Aerospatiale SA-330 Puma

  • CountryFrance
  • TypeTwin engine medium lift helicopter
  • PowerplantsSA-330J - Two 1175kW (1575shp) Turboméca Turmo IVC turboshafts driving a four blade main rotor and five blade tail rotor. SA-330G/F - Two 1070kW (1435shp) Turboméca Turmo IIIC4s.
  • PerformanceSA-330J - Max speed 262km/h (141kt), max cruising speed at sea level 257km/h (139kt). Hovering ceiling in ground effect 7315ft. Initial rate of climb 1400ft/min. Max range with standard fuel 550km (297nm).
  • WeightsEmpty 3766kg (8305lb), max takeoff 7500kg (16,535lb) with sling load, standard max takeoff weight 7400kg (16,315lb).
  • DimentionsRotor diameter 15.08m (49ft 6in), length overall 18.15m, fuselage length 14.06m (46ft 2in), height 5.14m (16ft 11in). Main rotor disc area 177.0m2 (1905sq ft).
  • CapacityCrew of one or two pilots on flightdeck, plus jumpseat. Passenger configurations in main cabin range from 8, 10 or 12 seat executive layouts, or for 17 to 20 passengers in an airline arrangement. A 3200kg (7055lb) external sling load can be carried.
  • Production696 Pumas of different versions, including military, had been sold, when Aerospatiale production ceased in 1987. Westland assembled 48 SA-330Es as the Puma HC.Mk1. Limited production has continued in Romania by IAR, largely for that country's military. ICA and IAR have built over 160 as the IAR-330L. IPTN built 11 as the NSA-330J.

Puma which was known as the Sud initially is the highly successful medium lift helicopter variant designed by Aerospatiale. Puma was produced mainly for military use but was also used commercially.

Puma was produced to cater to the requirements of the French armed forces that needed a medium lift helicopter with all weather conditions operability. The first of the twin prototypes of the Sud SA had its maiden flight on April 15 1965 and the first mass manufactured aircraft flew on September 1968. Sud was incorporated into Aerospatiale in January 1970. The production of Puma received a boost by participation of Westland which was boosted by the Britain's Royal Air Force orders for the aircraft which used it as a tactical transport helicopter.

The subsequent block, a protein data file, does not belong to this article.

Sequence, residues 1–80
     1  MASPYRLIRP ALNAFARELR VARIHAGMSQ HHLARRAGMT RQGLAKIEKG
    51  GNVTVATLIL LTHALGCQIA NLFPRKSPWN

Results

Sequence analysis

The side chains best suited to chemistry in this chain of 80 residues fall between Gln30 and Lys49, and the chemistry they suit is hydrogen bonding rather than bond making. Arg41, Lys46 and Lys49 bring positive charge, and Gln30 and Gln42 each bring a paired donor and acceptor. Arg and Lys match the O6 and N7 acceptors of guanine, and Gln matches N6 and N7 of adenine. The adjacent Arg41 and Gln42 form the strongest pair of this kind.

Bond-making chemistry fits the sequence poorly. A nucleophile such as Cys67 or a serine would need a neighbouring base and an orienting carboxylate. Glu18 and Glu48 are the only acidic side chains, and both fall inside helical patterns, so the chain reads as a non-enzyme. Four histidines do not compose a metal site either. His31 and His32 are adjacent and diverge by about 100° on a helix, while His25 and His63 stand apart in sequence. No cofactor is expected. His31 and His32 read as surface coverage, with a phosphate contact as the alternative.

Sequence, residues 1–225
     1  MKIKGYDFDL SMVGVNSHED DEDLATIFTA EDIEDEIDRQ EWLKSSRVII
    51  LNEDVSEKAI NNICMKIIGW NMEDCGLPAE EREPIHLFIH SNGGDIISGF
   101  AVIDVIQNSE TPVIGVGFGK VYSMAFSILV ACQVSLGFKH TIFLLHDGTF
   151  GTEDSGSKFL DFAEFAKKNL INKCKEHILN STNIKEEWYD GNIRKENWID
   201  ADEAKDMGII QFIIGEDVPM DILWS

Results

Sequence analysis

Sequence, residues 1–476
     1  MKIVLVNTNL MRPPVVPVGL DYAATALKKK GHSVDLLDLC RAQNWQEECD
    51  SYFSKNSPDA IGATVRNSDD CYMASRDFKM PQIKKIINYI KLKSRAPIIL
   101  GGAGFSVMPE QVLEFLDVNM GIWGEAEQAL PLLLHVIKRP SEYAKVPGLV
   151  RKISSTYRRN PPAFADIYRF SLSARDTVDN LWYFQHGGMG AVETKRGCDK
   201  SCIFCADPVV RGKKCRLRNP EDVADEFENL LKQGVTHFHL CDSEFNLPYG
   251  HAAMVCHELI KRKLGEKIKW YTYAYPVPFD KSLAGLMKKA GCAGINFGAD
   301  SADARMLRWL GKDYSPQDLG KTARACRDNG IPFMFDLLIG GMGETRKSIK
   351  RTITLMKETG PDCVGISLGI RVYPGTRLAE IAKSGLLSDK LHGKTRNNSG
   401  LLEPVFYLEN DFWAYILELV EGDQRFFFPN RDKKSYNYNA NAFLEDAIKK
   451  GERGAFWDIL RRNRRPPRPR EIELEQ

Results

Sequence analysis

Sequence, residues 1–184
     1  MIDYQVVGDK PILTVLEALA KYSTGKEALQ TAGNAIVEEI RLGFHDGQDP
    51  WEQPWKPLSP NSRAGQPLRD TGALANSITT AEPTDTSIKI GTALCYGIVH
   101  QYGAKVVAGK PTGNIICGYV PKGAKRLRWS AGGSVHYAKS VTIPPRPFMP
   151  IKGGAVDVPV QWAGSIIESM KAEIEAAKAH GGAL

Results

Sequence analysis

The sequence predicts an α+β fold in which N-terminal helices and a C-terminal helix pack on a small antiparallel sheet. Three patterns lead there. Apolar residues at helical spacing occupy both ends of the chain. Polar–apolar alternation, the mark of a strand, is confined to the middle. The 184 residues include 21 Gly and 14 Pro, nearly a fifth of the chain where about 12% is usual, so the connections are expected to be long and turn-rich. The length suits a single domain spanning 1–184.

The SA-330B, C, E and H variants of the Puma were all intended for military use. Civil variants included the Turmo IIIC powered SA-330F passenger and SA-330G freight versions (first helicopters to be certificated for single pilot IFR operations in A and B conditions).

It was the SA-330J which led the mantle of the civil Puma aircraft. It has composite main rotors and an increased maximum takeoff weight. The SA-330J equipped with weather radar became the first helicopter in April 1978 to earn a certificate for all weather operations including flight in icing conditions.

SA-330s were assembled in small numbers by IPTN of Indonesia before it concentrated on production of the Super Puma. Aerospatiale stopped manufacture of Puma in 1987 and the sole production facility for Puma became IAR (originally ICA) of Romania.

The AS-332 Super Puma is a stretched development, and is described separately under Eurocopter.

Pictures of Aerospatiale SA-330 Puma